Lappin said her family now "embraces and accepts my sexuality. They are so unbelievably proud of me and my partner, where I am at in life."

Lappin and Shannon Shakespeare have known each other for five years and now been dating for about two years. Shakespeare is a lawyer and the two live together.

"Being gay at this level [of softball professionally] and with Team USA, well, all of my teammates, [those who are] gay and straight, are very accepting. We talk about my relationship like how we talk about straight teammates and their boyfriends," Lappin said.

My kind of town

Born and raised in Southern California, Lappin wanted to leave the West Coast after graduating from Stanford University. She was offered a job as a volunteer coach for the Northwestern University softball team—and she jumped at the chance, in order to gain some coaching experience.

She stayed with the Wildcats for two seasons, 2009 and 2010.

She has since "clearly fallen in love" with Chicago.

"Northwestern was a phenomenal experience," she said. "To get some [coaching] experience under some great coaches who also are really good leaders, that set the groundwork for any future I may have in coaching when I retire as a player. I loved the Northwestern softball experience; the university is exceptional, obviously. The student-athletes are very similar to the student-athletes I was used to at Stanford where academics also are a very high priority. Northwestern was, overall, a really great experience.

"I love the people of Chicago; they are very warm and welcoming. I also love the weather, though that sounds crazy. Being a California girl, I really enjoy the spring and fall [in Chicago.] Even the first couple of snowfalls are fun. I also really like all of the live music [options] and experiencing so many different types of food.

"I love the summer vibe of Chicago, with street festivals and so much more."

Lappin is now in her second season playing professionally in Japan. She also plays for the USSSA Pride in the four-team National Pro Fastpitch (NPF), the league that also features the Chicago Bandits.

"Japan has been a phenomenal, phenomenal experience. I am very lucky to have had it," said Lappin. The Japanese season spans six months, with the season split in half.

"The Japanese culture is so welcoming. They have so much respect—for themselves and life in general," she said. "We bow to the field every day at practice, at the beginning and the end, to show appreciation for the field and for each other. I've grown a whole new level of respect for the game and for the opportunities that I have gotten through the game—Japan being one of them. It's taken my game to a whole new level, getting to play competitively for nine months of the year."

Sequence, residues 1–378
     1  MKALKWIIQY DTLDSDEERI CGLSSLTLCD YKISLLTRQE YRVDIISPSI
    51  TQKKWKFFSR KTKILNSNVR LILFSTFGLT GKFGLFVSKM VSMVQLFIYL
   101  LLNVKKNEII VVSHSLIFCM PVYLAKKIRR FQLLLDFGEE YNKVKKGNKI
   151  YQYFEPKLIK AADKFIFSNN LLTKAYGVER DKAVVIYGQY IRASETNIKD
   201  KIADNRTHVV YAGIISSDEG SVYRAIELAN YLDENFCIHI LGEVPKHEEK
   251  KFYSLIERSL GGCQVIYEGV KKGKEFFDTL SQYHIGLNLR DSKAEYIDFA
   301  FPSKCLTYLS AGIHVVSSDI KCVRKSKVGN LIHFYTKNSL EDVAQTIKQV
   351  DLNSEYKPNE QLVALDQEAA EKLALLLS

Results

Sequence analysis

What about the language barrier?

Lappin laughed. "We make it work with charades and what not," she said. "I've gained some great friends through this [Japanese] journey."

Lappin went to Japan in early March to begin training with her team in preparation for the season that started in mid-April. In early June, she returned to the United States to begin play in the NPF.

The NPF Championship Series is slated for Aug. 23-26 in Rosemont.

She returns to Japan on Aug. 27 for about two months of play abroad.

"The NPF is phenomenal, especially in its current state," Lappin said. "We've really taken the competitiveness to a new level. There are four great teams, each with solid owners. The potential for expansion next year is there, probably by two more teams. This is the most competitive league and softball experience that I've ever had—and I've played in the College World Series and in the Olympics.

"We're just trying to offer an opportunity for women now playing in college, so professional softball is a viable option. The talent in the NPF is so deep. It's anyone's game anytime you step on the field."

Lappin said being gay is not an issue in either league, though she admits she was a bit nervous about how it would be accepted in Japan. After all, she had been out for six years before she first stepped on a field in Japan.

"I didn't want to lie or hide, or live a false life," while in Japan, she said. But Lappin is out to her teammates and coaches, and Shakespeare has visited her. "They all know and have been very accepting of [my sexual orientation]," Lappin said.